We’re almost a full year into the coronavirus pandemic. Due to the resulting economic downturn, state and local governments could face budget shortfalls of $300 billion over the next two fiscal years.
As a result, some have argued that policymakers should consider taking away defined-benefit pensions for future public employees and enrolling them in defined-contribution accounts like 401(k)s instead.
But what are the consequences of implementing this decision for public employees’ retirement security and state and local governments?
Today, we released a new report in partnership with our state coalition in Oklahoma, Keep Oklahoma’s Promises, that seeks to answer these questions and more. The report, entitled, Fiscal Responsibility and 401(k)s: Why Converting Public Employees to Defined-Contribution Retirement Plans is Wrong for Your State, examines the potential impacts of converting pensions into defined-contribution 401(k) accounts.
You can read the full report here, but three of our top findings include:
- Closing defined-benefit plans can lead to higher costs for states by cutting off a source of future revenue.
Several states have previously thought they could save costs by eliminating defined-benefit pensions. However, we found that costs had increased for states when they made the switch.
In Michigan, for example, the state halted access to the State Employees’ Retirement System (SERS) in 1997. When the state closed the plan, it was in excellent fiscal shape, with a funded status of 109% and excess assets of $734 million. By September 2019, the plan’s funded status had dropped to 64.7%, and it had an unfunded liability of $6.6 billion.
By closing the plan to newly hired public employees, the state lost a significant portion of its future revenue for the plan, creating higher costs for SERS in the long run.
In West Virginia, policymakers made a similar decision with the state’s Teacher Retirement System (TRS) by closing it to newly hired educators in 1991. By 2005, the plan’s funded status had decreased to 25%. That same year, the state re-opened TRS when it found that it could provide equivalent retirement benefits at half the defined-contribution plan’s cost. After giving educators the choice to switch back to a defined-benefit pension, more than 78% of them chose to do so.
These two states’ experiences show that 401(k)s are not the cost-saving measure states sometimes think it is.
- Not offering a defined-benefit pension makes it more challenging for states and local governments to recruit and retain public employees.
Some jurisdictions have also experienced difficulties recruiting and retaining qualified public employees after they closed their defined-benefit plans. For example, the Town of Palm Beach, Florida, stopped offering a defined-benefit plan to newly hired public safety officers in 2012. Afterward, the town’s training costs jumped to almost $20 million because officers would train in Palm Beach and leave to work in neighboring areas that offered a defined-benefit plan.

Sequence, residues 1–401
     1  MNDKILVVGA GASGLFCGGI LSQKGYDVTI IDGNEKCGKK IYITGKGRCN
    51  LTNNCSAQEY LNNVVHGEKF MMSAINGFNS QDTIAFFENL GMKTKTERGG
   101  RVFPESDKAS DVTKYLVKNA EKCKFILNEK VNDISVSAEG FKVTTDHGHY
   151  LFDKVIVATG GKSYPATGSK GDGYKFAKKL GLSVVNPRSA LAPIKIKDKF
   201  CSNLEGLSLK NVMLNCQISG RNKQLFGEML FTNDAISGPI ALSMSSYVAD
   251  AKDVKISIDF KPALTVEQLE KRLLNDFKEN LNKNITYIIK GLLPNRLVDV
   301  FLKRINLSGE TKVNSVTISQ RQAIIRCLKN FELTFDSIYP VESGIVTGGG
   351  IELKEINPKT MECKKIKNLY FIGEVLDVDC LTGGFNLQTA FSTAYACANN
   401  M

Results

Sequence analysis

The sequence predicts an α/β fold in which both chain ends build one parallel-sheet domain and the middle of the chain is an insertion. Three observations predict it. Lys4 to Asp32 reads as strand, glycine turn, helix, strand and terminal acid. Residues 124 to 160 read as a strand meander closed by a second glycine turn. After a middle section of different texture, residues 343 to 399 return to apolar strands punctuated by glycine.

During the same year that West Virginia re-opened TRS, the state of Alaska went in the opposite direction and closed both the Public Employees Retirement System (PERS) and its pension plan for educators. Like Palm Beach, it also experienced similar recruitment and retention issues, with high teacher turnover rates costing the state $20 million per year. The Alaska Department of Public Safety Recruitment and Retention Plan Overview for 2018-2023 also outlined that the lack of a defined-benefit plan affected staffing levels for State Troopers, with its report stating that “the budget climate, reduced resources, inadequate wages and the inability to provide a defined benefits retirement system have placed the department at critically low staffing levels.”
- 401(k)s have exacerbated the retirement security crisis.
Following the Revenue Act’s passage in 1978, defined-contribution plans such as 401(k)s slowly became the primary retirement plan for private-sector employees. According to the report, “in 2018, 51% of private-sector employees were offered a defined-contribution plan, 13% were offered a defined-contribution and a defined-benefit pension plan, and 4% were offered a defined-benefit pension plan solely.”
401(k)s have made it more difficult for Americans to save for retirement. The Economic Policy Institute has found that nearly half of families have no retirement savings and that the median defined-contribution account balance for households nearing retirement is $21,000, which is not enough to retire with security.
The current economic downturn has only increased the struggles of saving for retirement, especially for low-income workers who face higher unemployment rates. Because of this, they are often forced to stop saving for retirement and/or withdraw from their retirement savings to make ends meet.
Thankfully, most public employees still have access to a defined-benefit pension, which guarantees security in retirement. If they had 401(k) accounts instead, chances are they would face similar levels of retirement insecurity as those who work in the private sector.
The evidence from these case studies shows that switching public employees to 401(k)s will not help state and local governments with their budgets. Instead, they can practice fiscal discipline by making their contributions to the pension funds they oversee, just like public employees do with each and every paycheck.